The voices of Canadian curling

Moore, Howard and Rauter are on P.E.I. to cover the Scotties

Dave Stewart dstewart@theguardian.pe.ca
Published on February 23, 2011
Scotties

 

Linda Moore says she has fond memories of curling in Charlottetown.

The former Canadian and world women’s curling champion was a member of the Lindsay Sparkes rink that finished second to Manitoba’s Connie Laliberte at the 1984 Scotties Tournament of Hearts at the Charlottetown Forum.

“We had a great team which made it to the semi so I have very fond memories of Charlottetown,’’ said the former curler turned broadcaster.

Moore went on to win the Scotties and the world championship the next year before retiring from the game after capturing the gold medal at the 1988 Olympic Games. Curling was still a demonstration sport in those Games.

She joined The Sports Network (TSN) in 1989, working her first Scotties in Kelowna, B.C., and hasn’t looked back since.

Moore became part of a legendary team at the network that included play-by-play caller Vic Rauter and Ray Turnbull. Turnbull retired last year and has been replaced by former Brier and world champion curler Russ Howard.

The sport has soared on popularity in the 25 years that TSN has been televising the sport.

“I think one of the great things about curling is that we feel we’re just friends,’’ Moore said. “We’re friends with the curlers and we’re friends with the people at home and we want to present them with the game the best way that we can.’’

Howard, who celebrated his 55th birthday in Charlottetown on Saturday, said the switch from curler to broadcaster has been an adjustment.

“It’s tough because Ray was Johnny Carson, right?’’ Howard said, referring to Turnbull’s popularity. “He was the guy who brought the sport to everybody’s living room for 25 years but it’s a lot of fun. Vic is such a professional and Linda is so prepared, it’s unbelievable. I think if (Vic and I) both dropped dead Linda could do the show by herself.’’

Known for his gravelly voice on the ice, Howard said the toughest part has been knowing when to talk on TV and when not to.

“It’s the timing — making sure you’re not in Vic’s way when he’s introducing the players throwing the rock and he (calls the rock) as it comes into the rings so you’ve got a timeframe in there which Linda and I have to split.’’

Other than that, it’s no different than playing — know who the players are, what they’ve done in the past, what their tendencies are, what their percentages are and how the team reached the Scotties.

Rauter said TSN has been good to curling but the sport has been equally good to the network.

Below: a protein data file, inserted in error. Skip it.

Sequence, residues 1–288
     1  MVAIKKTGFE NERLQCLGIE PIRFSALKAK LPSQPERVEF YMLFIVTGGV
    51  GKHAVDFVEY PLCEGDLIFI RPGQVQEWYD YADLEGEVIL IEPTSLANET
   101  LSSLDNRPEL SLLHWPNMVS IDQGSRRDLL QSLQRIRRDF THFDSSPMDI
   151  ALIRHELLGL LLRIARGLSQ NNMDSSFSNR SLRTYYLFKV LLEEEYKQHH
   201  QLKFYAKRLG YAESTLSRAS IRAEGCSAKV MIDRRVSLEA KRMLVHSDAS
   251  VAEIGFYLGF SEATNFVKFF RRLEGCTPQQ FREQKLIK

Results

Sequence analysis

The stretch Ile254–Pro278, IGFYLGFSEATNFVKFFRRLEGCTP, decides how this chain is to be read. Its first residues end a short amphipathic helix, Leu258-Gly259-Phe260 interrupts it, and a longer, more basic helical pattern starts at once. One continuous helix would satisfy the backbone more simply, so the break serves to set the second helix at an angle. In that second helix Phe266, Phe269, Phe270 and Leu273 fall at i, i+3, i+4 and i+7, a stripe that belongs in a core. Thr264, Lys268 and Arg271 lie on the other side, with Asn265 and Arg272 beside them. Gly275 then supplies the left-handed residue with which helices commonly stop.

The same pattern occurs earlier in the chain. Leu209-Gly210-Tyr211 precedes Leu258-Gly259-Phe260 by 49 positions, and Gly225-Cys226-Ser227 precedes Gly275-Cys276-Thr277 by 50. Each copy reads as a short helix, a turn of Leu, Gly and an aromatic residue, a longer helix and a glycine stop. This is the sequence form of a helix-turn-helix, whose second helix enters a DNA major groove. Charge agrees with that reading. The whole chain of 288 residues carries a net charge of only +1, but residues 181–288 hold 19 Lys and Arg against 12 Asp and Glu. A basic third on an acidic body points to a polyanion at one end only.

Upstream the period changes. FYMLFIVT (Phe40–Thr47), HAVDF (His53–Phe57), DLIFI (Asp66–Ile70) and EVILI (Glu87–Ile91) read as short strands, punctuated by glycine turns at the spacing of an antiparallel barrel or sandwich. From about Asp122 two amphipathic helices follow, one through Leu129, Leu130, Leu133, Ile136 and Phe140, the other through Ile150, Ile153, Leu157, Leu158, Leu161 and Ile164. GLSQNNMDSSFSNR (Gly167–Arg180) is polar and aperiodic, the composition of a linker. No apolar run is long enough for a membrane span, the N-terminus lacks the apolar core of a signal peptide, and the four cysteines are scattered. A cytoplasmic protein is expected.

“There wasn’t a lot of programming in those early days (of TSN),’’ Rauter said. “Curling was good for TSN because it helped fill some programming. In turn, TSN was good for curling because, suddenly, the game was getting the kind of exposure it would only get on weekends prior to TSN.’’

Curling consistently ranks third in ratings on the network, behind hockey and Canadian football but there are times, with the right matchup, it outdraws both.

“I’ve often thought people will say that hockey is the lifeblood of our country but, you know what, the heart of our country is curling because there are quite a few communities we go where there isn’t a hockey rink but there is a curling club.’’

Rauter and Moore admit moving forward without Turnbull has been different.

“Of course I miss Ray. We are terrific friends and he was a terrific teammate up in the booth,’’ Moore said.

Rauter said what he, Moore and Turnbull had was lightning in a bottle.

“We had a really great relationship to the point where we knew each other inside out,’’ Rauter said. “I think very quickly in the few events we’ve done, Russ has fit in very well and we don’t step on each other but it’s different.’’

Rauter isn’t sure what the future holds but he’ll be delivering his signature ‘Make the final’ call for a few more years.

“Curling is part of TSN’s future for at least four more years and I’d like to do it four more years.’’

*****

 

Linda, Russ And 

Vic At A Glance

u Linda Moore skipped her team to the 1985 Scotties Tournament of Hearts title and to the 1985 women’s world championship.

u Moore retired from curling after leading her team to the gold medal in the 1988 Winter Olympics (demonstration sport at the time).

u Moore joined TSN in 1989.

u Russ Howard has appeared in 14 Briers, winning the national men’s curling title twice and the world men’s curling title twice.

u Howard did some work with TSN in 2001 at the Brier before the network asked him to come on full time two seasons ago to work the morning draws. This is his first season as part of the main broadcast crew.

u Howard’s younger brother, Glenn, will represent Ontario for the sixth time in a row at this year’s Brier next month.

u Vic Rauter has been with TSN since 1985, covering mostly auto racing, curling and soccer since 1986 as well as hockey, baseball, bowling, squash, volleyball, equestrian and skiing.

u Before joining TSN, Rauter was a sportscaster at CBC. In 1999, he was nominated for a Gemini Award as Canada’s top sportscaster, and was inducted into the Canadian Curling Hall of Fame in 2006.